Every year, I sit down with a friend of mine Ryan Sasaki (behind one of the best Eagles X's and O’s websites ever - the Chip Wagon) and we just talk about the Eagles. I like to see this chat as the start of the new season. As part of the conversation, I ask Ryan a few schematic questions based on what I currently thinking about the Eagles and we discuss these questions. If you are interested in the X’s and O’s or current schematic trends, you would love the conversation we had. With that in mind, I thought I would write up the discussion that we had and add a few video clips to make it easier to understand,
These are the kind of questions that I hoped the Eagles coaching staff asked themselves this off-season, and they are things I will be looking out for and tracking this year.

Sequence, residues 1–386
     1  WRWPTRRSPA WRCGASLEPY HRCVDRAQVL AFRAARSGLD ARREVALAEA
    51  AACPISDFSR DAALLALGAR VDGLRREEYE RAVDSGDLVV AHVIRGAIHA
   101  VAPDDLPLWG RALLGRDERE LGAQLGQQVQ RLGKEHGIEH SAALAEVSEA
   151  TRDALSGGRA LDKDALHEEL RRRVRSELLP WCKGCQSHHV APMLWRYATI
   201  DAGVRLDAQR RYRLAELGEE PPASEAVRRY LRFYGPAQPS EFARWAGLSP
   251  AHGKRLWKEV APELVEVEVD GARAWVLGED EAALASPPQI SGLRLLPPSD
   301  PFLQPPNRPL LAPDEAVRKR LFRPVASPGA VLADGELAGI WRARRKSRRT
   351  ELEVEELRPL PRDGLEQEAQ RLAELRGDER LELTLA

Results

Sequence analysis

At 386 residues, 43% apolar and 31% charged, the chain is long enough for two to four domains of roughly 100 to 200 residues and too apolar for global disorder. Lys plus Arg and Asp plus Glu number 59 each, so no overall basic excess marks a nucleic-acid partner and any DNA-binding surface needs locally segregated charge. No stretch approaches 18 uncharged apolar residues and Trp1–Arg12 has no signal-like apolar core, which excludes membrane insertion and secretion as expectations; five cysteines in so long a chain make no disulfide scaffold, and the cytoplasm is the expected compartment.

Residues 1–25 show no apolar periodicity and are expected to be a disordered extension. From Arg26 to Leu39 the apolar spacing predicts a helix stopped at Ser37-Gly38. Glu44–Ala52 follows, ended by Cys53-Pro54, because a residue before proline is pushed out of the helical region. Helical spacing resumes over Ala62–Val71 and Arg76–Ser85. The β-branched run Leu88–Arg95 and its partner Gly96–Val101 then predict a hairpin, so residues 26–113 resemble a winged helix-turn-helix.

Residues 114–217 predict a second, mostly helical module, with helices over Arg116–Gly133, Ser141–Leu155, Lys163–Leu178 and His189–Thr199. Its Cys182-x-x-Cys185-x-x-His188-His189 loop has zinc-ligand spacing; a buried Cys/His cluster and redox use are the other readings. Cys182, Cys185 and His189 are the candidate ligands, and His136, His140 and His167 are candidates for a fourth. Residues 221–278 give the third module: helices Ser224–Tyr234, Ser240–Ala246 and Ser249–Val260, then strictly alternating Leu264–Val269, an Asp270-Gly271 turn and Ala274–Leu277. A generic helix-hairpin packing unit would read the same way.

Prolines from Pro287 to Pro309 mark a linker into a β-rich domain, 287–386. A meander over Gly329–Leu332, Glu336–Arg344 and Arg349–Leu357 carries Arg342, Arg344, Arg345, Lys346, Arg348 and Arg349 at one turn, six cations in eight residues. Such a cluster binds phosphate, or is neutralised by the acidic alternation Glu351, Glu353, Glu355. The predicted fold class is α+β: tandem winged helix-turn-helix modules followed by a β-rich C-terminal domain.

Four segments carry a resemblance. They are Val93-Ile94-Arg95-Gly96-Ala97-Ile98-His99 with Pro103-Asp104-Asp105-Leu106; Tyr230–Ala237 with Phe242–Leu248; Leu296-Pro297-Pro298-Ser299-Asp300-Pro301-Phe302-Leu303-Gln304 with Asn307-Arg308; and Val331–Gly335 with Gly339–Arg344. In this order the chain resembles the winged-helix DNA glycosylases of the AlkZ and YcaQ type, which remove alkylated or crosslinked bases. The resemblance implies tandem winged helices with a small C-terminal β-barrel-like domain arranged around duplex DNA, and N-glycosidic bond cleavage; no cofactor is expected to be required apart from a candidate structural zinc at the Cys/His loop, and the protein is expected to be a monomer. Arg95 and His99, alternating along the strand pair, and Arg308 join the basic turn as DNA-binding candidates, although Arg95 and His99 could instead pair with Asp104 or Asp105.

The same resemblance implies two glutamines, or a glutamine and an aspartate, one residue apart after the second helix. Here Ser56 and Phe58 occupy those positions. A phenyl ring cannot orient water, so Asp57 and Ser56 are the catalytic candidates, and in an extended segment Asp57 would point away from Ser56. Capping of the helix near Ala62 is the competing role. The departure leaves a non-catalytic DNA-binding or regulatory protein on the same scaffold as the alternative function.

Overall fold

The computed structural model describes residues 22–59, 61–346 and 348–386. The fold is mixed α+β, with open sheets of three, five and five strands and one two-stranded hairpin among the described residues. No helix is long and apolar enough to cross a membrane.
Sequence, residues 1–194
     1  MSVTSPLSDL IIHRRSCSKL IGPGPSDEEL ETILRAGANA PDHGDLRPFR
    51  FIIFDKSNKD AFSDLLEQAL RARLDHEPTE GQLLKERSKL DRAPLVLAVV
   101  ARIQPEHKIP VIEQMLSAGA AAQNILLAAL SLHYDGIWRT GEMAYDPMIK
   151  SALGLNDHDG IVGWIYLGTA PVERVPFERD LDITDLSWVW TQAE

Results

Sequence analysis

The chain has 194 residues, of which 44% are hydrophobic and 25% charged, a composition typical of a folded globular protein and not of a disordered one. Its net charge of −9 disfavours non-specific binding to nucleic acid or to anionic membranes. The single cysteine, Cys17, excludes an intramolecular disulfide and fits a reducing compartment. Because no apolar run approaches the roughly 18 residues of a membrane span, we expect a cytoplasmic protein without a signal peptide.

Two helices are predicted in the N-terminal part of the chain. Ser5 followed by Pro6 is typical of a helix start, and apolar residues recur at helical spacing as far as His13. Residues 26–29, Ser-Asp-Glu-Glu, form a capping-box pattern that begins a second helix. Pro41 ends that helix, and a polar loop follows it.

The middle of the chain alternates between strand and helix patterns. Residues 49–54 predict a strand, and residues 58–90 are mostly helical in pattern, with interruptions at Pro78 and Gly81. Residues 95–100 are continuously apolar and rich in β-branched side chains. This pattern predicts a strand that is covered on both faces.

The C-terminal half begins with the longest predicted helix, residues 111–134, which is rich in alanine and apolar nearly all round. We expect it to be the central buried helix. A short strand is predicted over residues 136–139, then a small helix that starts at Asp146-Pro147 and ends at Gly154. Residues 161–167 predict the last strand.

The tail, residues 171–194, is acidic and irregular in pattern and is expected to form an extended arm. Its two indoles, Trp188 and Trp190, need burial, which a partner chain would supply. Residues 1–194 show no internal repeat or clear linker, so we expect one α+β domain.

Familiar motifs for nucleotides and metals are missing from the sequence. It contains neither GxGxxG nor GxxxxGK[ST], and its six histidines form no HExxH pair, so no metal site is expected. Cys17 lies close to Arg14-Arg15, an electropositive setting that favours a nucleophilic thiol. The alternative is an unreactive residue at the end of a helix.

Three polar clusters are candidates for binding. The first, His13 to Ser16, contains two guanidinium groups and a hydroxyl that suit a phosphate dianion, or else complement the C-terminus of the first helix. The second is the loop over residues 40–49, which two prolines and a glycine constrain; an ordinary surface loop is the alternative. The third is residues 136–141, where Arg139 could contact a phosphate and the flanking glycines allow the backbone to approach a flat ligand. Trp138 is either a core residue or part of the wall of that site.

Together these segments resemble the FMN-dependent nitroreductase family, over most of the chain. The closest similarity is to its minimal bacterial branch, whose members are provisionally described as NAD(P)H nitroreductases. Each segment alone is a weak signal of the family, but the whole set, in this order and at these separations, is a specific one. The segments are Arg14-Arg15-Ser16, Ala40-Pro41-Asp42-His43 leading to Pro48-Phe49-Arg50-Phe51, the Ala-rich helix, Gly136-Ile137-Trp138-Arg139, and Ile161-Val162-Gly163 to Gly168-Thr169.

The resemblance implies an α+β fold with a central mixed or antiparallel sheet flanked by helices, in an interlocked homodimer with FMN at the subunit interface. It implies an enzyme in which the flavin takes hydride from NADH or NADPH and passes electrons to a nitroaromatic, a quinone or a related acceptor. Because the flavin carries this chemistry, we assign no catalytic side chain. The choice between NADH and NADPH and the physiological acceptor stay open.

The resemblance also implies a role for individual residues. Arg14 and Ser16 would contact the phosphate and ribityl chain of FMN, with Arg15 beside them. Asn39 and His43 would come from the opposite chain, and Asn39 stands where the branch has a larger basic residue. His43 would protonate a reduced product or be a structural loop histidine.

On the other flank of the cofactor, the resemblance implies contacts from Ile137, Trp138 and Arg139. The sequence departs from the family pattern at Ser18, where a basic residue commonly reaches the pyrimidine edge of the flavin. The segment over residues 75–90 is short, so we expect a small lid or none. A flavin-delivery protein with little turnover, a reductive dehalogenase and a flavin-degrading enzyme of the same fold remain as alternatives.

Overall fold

1. There has been some criticism about the Eagles' offensive scheme being too reliant on 'star players' and not the scheme to win. Is this a worry?
Ryan: No. I don’t agree. A coach's job is to put the players in the best position for them to succeed. The Eagles' scheme may be simplistic at times, but that is to be expected with the Eagles' talent. They don't always need to be schemed open and the coach's job is to get them in one-on-one situations because the players they have should win these matchups.